A Canadian software provider is the first of many middleware companies that PayPal Inc. says will be key to bringing its online payment system to the physical point of sale.

AJB Software Design Inc. of Mississauga, Ontario, is supporting PayPal acceptance in its software, which merchants use to manage payments at the register and route them to a payment processor. Some 110 U.S. retailers that each has 100 to 5,000 stores use AJB's software.

PayPal already is moving to allow consumers to use its payment system in physical stores in place of banks’ credit or debit card, though PayPal transactions may draw from card accounts. They also may draw payments from checking accounts through the automated clearinghouse system, or from funds leftover in PayPal accounts.

The San Jose, Calif.-based unit of eBay Inc. disclosed last week that it is testing point-of-sale payments with 20 retailers, including Home Depot, where PayPal is accepted in five stores (see story).  Home Depot is not an AJB client.

In that trial, the software allows shoppers to spend from their PayPal balances by typing in a phone number and PIN. No card or app is required, though users also may swipe their PayPal card (see story).

AJB started working with PayPal about two months ago, largely because of customer demand. Five of AJB's major customers contacted it over the course of just two weeks, requesting PayPal acceptance at the point of sale, says Pat Polillo, AJB vice president of sales.

"It wasn't too long after that, that I got a call from somebody at PayPal," he says. "They said: 'Hey, look, we have been out there talking to retailers, and a lot of times your name comes up.'"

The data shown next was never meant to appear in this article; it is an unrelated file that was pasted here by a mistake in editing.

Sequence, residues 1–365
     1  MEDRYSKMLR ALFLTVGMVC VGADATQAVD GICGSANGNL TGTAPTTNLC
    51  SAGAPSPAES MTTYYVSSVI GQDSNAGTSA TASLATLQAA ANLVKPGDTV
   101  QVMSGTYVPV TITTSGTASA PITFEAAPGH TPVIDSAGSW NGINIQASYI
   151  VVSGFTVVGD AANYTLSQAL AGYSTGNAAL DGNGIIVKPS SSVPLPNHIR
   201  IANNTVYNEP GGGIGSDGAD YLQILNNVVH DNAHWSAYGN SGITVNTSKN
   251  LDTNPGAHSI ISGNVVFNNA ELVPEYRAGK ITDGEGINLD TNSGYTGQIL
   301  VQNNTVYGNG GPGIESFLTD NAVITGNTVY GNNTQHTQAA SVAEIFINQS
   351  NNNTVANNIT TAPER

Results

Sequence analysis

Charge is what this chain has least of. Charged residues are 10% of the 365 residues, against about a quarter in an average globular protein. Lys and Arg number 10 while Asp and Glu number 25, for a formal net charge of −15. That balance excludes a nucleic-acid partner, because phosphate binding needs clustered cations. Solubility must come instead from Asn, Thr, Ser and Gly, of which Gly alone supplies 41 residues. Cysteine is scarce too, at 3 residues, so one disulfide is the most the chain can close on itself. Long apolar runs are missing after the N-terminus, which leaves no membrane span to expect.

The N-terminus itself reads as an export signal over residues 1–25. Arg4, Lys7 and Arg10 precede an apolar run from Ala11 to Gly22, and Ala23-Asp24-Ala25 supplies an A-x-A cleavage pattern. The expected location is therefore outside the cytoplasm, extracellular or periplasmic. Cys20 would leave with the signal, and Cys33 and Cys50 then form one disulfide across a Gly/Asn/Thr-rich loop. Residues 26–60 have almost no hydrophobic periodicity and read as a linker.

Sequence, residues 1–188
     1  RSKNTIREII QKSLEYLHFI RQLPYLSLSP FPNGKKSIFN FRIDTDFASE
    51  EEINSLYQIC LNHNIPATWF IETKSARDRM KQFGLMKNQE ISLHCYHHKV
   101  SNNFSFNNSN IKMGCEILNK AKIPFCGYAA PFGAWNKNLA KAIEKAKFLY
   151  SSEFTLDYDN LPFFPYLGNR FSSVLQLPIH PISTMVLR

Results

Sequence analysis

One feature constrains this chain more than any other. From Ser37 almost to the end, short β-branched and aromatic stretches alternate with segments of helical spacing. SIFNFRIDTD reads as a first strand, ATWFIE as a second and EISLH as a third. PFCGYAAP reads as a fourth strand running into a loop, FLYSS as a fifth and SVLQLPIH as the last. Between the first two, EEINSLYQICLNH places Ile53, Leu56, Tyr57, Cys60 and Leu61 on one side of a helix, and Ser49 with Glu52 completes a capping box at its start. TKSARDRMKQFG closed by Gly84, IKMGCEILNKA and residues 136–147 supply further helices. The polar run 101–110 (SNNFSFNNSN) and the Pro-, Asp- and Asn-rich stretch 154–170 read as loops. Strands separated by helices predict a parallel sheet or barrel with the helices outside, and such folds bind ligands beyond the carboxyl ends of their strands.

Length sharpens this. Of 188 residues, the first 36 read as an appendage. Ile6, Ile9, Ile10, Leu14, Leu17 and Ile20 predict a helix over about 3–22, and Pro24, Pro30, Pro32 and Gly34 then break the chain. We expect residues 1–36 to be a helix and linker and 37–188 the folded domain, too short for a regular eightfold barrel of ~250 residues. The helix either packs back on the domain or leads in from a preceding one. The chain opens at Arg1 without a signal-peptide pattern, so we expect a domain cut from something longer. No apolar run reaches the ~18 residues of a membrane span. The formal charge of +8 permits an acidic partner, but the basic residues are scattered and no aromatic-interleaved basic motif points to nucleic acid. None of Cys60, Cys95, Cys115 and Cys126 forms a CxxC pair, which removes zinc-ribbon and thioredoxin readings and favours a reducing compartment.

AJB's first customer to deploy the PayPal add-on will do so by the second quarter, Polillo says. He declined to name the customer.

Retailers still need a separate agreement with PayPal, though AJB's software makes PayPal integration akin to flipping a switch once that agreement is in place.

Besides AJB, "we are going to be signing deals to work with some of these leading middleware companies to connect our systems to their systems to allow merchants to roll this out at stores," says Anuj Nayar, a PayPal spokesperson.

PayPal also is working with terminal makers. It collaborated with VeriFone Systems Inc. last year on a trial of mobile payments at the point of sale (see story). VeriFone also allows users of its mobile card-acceptance device, PayWare Mobile, to transfer funds from a PayPal account by bumping phones together.

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